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# Use Boltzmann factors to derive the exponential formula

ISBN: 9780201380279 40

## Solution for problem 14P Chapter 6

An Introduction to Thermal Physics | 1st Edition

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Problem 14P

Use Boltzmann factors to derive the exponential formula for the density of an isothermal atmosphere. already derived in Problem 1 and 2. (Hint: Let the system be a single air molecule, let s1 be a state with the molecule at sea level, and let s2 be a state with the molecule atheight z.)

Problem 1

The exponential atmosphere,

(a) Consider a horizontal slab of air whose thickness (height) is dz. If this slab is at rest , the pressure holding it up from below must balance both the pressure from above and the weight of the slab. Use this fact to find an expression for dP/dz, the variation of pressure with altitude, in terms of the density of air.

(b) Use the ideal gas law to write the density of air in terms of pressure, temperature, and the average mass m of the air molecules. (The information needed to calculate m is given in Problem.) Show, then, that the pressure obeys the differential equation

called the barometric equation.

(c) Assuming that the temperature of the atmosphere is independent of height (not a great assumption but not terrible either), solve the barometric equation to obtain the pressure as a function of height: P(z) = P(0)e−mgz/kT Show also that the density obeys a similar equation.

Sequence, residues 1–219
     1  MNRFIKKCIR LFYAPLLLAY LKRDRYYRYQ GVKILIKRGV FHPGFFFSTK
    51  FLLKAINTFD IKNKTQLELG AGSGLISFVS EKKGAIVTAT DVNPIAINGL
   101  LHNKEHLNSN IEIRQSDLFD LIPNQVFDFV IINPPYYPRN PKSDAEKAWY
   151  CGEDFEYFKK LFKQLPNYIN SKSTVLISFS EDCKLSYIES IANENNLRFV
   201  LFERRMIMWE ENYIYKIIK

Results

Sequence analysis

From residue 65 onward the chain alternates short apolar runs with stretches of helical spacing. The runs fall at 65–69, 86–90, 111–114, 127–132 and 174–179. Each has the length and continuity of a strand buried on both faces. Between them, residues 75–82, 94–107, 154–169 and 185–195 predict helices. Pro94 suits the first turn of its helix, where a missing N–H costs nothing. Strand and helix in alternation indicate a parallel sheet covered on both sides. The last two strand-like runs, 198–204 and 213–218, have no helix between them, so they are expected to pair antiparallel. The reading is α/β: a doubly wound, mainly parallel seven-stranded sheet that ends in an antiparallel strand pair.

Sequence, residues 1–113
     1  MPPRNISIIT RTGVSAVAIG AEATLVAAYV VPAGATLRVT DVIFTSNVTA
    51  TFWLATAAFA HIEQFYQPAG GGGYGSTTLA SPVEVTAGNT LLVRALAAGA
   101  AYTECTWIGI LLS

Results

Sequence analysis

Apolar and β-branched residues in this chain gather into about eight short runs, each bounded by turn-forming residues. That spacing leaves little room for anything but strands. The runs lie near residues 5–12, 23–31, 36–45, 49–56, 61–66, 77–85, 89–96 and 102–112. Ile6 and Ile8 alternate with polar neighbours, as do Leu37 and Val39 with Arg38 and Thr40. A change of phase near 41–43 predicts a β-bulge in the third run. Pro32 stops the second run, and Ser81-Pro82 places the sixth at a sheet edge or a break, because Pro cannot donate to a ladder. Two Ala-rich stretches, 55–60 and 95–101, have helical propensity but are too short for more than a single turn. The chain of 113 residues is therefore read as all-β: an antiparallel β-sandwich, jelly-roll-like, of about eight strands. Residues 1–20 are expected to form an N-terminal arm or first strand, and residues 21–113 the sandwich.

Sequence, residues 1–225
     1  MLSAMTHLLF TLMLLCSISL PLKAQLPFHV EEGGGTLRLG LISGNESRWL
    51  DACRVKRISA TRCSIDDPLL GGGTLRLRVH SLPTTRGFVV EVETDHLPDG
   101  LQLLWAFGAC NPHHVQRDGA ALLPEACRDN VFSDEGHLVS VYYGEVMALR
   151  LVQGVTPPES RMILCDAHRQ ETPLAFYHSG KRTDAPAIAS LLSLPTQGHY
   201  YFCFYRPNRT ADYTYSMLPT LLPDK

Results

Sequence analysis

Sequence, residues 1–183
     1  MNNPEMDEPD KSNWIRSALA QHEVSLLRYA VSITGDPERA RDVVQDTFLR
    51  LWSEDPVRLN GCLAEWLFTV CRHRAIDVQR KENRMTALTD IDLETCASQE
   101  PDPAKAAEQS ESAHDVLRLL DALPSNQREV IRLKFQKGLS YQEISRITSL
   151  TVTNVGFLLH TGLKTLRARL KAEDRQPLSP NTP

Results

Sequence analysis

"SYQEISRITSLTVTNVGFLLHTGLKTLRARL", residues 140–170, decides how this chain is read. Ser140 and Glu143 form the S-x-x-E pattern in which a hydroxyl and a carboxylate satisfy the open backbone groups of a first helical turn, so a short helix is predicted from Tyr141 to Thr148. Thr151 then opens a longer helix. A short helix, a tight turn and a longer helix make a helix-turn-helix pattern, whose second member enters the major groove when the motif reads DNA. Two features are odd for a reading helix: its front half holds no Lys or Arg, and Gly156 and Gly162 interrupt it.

(d) Estimate the pressure, in atmospheres, at the following locations: Ogden, Utah (4700 ft or 1430 m above sea level); Leadville, Colorado (10,150 ft , 3090 m) ; Mt. Whitney, California (14,500 ft, 4420 m); Mt. Everest, Nepal/ Tibet (29,000 ft, 8850 m). (Assume that the pressure at sea level is 1 atm.)

Problem: Calculate the mass of a mole of dry air, which is a mixture of N2 (78% by volume), 02 (21%), and argon (1%).

Problem: 2

Consider a monatomic ideal gas that lives at a height z above sea level, so each molecule has potential energy mgz in addition to its kinetic energy.

(a) Show that the chemical potential is the same as if the gas were at sea level, plus an additional term mgz:

(You can derive this result from either the definition μ = −T[∂S/∂N)U,V or the formula p = (∂U/∂N)S,V.)

(b)        Suppose you have two chunks of helium gas, one at sea level and one atheight z, each having the same temperature and volume. Assuming that they are in diffusive equilibrium, show that the number of molecules in the higher chunk is

N(z) = N( 0)e−mgz/kT,

in agreement with the result of below Problem.

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